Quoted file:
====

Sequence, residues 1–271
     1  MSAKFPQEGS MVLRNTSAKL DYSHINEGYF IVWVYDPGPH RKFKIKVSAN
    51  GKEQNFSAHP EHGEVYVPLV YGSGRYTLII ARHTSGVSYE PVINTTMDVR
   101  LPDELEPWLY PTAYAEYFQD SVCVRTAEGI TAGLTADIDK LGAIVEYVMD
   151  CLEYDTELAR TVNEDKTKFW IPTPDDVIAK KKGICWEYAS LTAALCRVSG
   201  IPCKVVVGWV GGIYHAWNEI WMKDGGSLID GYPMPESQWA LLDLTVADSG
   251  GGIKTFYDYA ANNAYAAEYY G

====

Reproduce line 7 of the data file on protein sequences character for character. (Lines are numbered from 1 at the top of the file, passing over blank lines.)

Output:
   251  GGIKTFYDYA ANNAYAAEYY G